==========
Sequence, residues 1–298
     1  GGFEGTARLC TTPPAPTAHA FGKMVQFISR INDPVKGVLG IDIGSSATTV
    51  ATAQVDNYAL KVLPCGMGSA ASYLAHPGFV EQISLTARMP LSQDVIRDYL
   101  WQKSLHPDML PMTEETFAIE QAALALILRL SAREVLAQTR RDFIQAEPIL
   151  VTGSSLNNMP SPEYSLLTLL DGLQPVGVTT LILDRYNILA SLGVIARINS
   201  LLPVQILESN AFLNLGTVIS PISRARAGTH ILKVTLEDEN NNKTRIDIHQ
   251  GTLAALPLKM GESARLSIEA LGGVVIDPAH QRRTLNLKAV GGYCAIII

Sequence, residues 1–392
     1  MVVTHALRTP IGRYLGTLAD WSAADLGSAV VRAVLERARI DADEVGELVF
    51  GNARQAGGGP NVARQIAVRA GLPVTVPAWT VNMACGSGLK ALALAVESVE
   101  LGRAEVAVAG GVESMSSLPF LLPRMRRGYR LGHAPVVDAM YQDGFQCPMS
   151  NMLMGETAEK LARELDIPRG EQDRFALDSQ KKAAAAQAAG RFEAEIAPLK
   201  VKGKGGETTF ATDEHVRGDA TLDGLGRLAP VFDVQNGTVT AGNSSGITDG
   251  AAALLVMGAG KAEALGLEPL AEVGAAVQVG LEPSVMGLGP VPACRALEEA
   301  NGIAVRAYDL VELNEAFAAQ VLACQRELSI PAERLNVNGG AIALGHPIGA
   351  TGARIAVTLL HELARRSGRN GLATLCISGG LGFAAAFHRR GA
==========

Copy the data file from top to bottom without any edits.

Sequence, residues 1–298
     1  GGFEGTARLC TTPPAPTAHA FGKMVQFISR INDPVKGVLG IDIGSSATTV
    51  ATAQVDNYAL KVLPCGMGSA ASYLAHPGFV EQISLTARMP LSQDVIRDYL
   101  WQKSLHPDML PMTEETFAIE QAALALILRL SAREVLAQTR RDFIQAEPIL
   151  VTGSSLNNMP SPEYSLLTLL DGLQPVGVTT LILDRYNILA SLGVIARINS
   201  LLPVQILESN AFLNLGTVIS PISRARAGTH ILKVTLEDEN NNKTRIDIHQ
   251  GTLAALPLKM GESARLSIEA LGGVVIDPAH QRRTLNLKAV GGYCAIII

Sequence, residues 1–392
     1  MVVTHALRTP IGRYLGTLAD WSAADLGSAV VRAVLERARI DADEVGELVF
    51  GNARQAGGGP NVARQIAVRA GLPVTVPAWT VNMACGSGLK ALALAVESVE
   101  LGRAEVAVAG GVESMSSLPF LLPRMRRGYR LGHAPVVDAM YQDGFQCPMS
   151  NMLMGETAEK LARELDIPRG EQDRFALDSQ KKAAAAQAAG RFEAEIAPLK
   201  VKGKGGETTF ATDEHVRGDA TLDGLGRLAP VFDVQNGTVT AGNSSGITDG
   251  AAALLVMGAG KAEALGLEPL AEVGAAVQVG LEPSVMGLGP VPACRALEEA
   301  NGIAVRAYDL VELNEAFAAQ VLACQRELSI PAERLNVNGG AIALGHPIGA
   351  TGARIAVTLL HELARRSGRN GLATLCISGG LGFAAAFHRR GA